Local officials from both sides of border weigh in on U.S. decision to keep Canadians out

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Brian Higgins

Democratic representative for New York’s 26th congressional district Brian Higgins speaks at the University of Buffalo, March 29, 2018. Congressman Higgins has arguably been the loudest and most consistent advocate for reopening the U.S.-Canada border both ways throughout the pandemic. Photo credit: University of Buffalo/Meredith Forrest Kulwicki

Last week, just days after Canada announced it would be reopening its land border to fully vaccinated Americans for discretionary travel early next month, the U.S. Department of Homeland Security (DHS) revealed its plan to extend non-essential border restrictions until at least August 21. 

On Twitter, the DHS said the move was made to “decrease the spread of COVID-19, including the Delta variant”, but that the federal agency “is in constant contact with Canadian and Mexican counterparts to identify the conditions under which restrictions may be eased safely and sustainably.”

Speaking with Libby Znaimer of Zoomer Radio on Thursday, mayor of Niagara Falls Jim Diodati said that officials on both sides of the border were in shock when they learned that the U.S. would not be reciprocating Canada’s easing of restrictions.

“I’m in regular contact with congressmen and senators about this issue,” said Diodati. “On the weekend, I was speaking with Congressman Brian Higgins…and even he was in shock…because Senate Majority Leader Chuck Schumer had been pressuring [Canada’s] ambassador, saying ‘if you don’t open, we may unilaterally open.’ And here we are, beating them to the punch. It was a surprise for everybody.”

For months, President Joe Biden was under immense pressure from members of his own party to unilaterally open the border to Canadians in the face of what was perceived to be a tentative Trudeau government.

Brian Higgins, Democratic congressman for New York’s 26th district, which encompasses Buffalo and Niagara Falls, N.Y., was “infuriated” with the Biden administration’s decision. 

“For months now people and businesses along the border have been strung along month after month holding out hope for the border to reopen. Today’s decision by the Biden administration harms economic recovery and hurts families all across America’s northern border; this is completely unnecessary,” Higgins said in a statement.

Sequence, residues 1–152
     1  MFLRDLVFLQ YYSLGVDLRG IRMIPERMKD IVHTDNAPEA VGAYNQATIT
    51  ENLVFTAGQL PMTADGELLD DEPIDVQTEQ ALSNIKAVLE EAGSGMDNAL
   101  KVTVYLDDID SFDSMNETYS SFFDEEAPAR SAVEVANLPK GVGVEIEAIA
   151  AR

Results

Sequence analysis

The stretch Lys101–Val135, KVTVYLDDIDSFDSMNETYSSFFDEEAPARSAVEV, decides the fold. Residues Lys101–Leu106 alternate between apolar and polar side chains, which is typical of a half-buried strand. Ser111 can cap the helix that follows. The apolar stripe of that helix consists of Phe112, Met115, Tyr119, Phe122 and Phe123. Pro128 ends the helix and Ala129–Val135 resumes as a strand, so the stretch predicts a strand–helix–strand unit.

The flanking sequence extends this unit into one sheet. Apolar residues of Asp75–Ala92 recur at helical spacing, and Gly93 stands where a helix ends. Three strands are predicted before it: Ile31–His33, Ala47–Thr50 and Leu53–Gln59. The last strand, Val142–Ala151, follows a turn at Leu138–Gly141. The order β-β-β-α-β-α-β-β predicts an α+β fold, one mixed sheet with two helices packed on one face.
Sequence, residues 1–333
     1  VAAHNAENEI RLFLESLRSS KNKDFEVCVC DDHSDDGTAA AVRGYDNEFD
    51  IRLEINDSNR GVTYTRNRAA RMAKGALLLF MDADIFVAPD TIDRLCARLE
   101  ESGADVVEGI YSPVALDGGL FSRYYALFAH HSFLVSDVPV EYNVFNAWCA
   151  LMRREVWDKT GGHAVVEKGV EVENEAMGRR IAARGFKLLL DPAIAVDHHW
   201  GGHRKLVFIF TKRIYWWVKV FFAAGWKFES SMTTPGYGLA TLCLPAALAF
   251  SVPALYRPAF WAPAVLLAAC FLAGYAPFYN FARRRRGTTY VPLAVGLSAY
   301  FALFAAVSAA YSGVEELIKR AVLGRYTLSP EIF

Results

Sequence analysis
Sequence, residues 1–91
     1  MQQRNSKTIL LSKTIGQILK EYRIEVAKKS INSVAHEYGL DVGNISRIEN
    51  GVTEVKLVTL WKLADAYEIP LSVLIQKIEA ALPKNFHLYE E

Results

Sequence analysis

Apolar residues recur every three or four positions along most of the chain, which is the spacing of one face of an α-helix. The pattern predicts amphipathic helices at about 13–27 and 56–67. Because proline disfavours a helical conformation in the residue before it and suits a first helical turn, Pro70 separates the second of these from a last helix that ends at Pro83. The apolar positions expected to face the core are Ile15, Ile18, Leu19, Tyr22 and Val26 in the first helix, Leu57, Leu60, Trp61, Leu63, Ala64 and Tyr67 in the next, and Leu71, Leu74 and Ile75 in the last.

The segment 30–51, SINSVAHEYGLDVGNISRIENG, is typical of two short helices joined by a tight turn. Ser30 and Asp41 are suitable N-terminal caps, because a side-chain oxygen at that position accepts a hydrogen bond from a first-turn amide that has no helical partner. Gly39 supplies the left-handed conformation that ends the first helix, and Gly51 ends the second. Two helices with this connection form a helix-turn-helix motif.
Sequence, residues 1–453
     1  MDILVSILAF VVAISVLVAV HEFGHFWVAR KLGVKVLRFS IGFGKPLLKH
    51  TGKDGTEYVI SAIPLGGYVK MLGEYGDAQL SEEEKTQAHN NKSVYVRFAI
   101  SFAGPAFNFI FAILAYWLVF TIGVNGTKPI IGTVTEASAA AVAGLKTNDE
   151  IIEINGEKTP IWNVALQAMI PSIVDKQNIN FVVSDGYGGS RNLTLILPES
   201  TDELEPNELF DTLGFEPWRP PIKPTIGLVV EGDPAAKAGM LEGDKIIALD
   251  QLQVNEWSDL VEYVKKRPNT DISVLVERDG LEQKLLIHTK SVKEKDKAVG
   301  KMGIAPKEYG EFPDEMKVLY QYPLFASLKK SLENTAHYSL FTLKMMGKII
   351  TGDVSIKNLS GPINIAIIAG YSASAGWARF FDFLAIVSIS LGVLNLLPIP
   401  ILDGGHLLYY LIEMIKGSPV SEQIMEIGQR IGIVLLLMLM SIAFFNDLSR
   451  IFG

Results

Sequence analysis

“While the United States does nothing, loved ones remain separated and communities whose economies rely on the cross-border exchange continue to suffer economically.”

Even more pointed in his criticism of the decision to keep Canadians from crossing into the U.S. by land, Republican congressman for New York’s 27th district Chris Jacobs said Biden’s handling of the situation has been a “failure”. 

“Families and small businesses have pleaded for action so they can reunite, and recoup lost revenue — they’ve been ignored,” said Jacobs in a speech on the House floor last week.

“Canada has announced they will allow fully vaccinated Americans in starting in August. This is long overdue, but still lightyears ahead of the President. This extension is unacceptable, ignores the science, and extends the suffering of families and small businesses.” 

In his weekly address on July 23, mayor of Niagara Falls, N.Y. Robert Restaino joined his colleagues at the federal level in expressing frustration with the extended restrictions.

“It’s my hope that while the Canadian regulation [allowing fully vaccinated Americans land entry into the country for non-essential travel] begins August 9th…between now and then, following the science and doing what’s safe and smart, the American government will come online with something,” said Restaino.

The U.S. has not put forward a timeline for reopening its land crossings to Canadians. The August 21 expiry date for current restrictions could, as it has been each month throughout the pandemic, once again be extended.

Niagara’s acting medical officer of health Dr. Mustafa Hirji told local media over the weekend that, in light of the Delta variant’s rising presence in the U.S., continuing to limit non-essential travel at the border is “probably good”.

“In the U.S., including New York state, the Delta variant is on its way up. I do think there is risk of people crossing the border and it’s probably good that we limit travel across the border to just essential travelers for a little bit more,” said Hirji.

Right around 67 per cent of eligible Ontarians over the age of 12 are currently fully vaccinated, with nearly 81 per cent having received at least one dose. In New York State, 68 per cent of residents over 18 have received a complete vaccine series, with 75 per cent at least partially vaccinated.

Brian Higgins

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